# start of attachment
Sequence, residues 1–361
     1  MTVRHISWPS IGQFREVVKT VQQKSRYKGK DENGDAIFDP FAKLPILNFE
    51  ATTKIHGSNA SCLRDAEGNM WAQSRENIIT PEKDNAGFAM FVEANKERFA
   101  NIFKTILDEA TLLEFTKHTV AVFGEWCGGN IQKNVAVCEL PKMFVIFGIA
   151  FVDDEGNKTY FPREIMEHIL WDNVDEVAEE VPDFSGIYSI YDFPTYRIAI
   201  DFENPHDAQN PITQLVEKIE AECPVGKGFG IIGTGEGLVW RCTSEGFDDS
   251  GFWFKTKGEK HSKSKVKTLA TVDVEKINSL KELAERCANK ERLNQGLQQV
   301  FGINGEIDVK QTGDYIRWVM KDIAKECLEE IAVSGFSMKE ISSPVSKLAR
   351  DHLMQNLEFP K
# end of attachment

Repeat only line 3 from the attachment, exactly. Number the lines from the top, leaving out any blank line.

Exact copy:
    51  ATTKIHGSNA SCLRDAEGNM WAQSRENIIT PEKDNAGFAM FVEANKERFA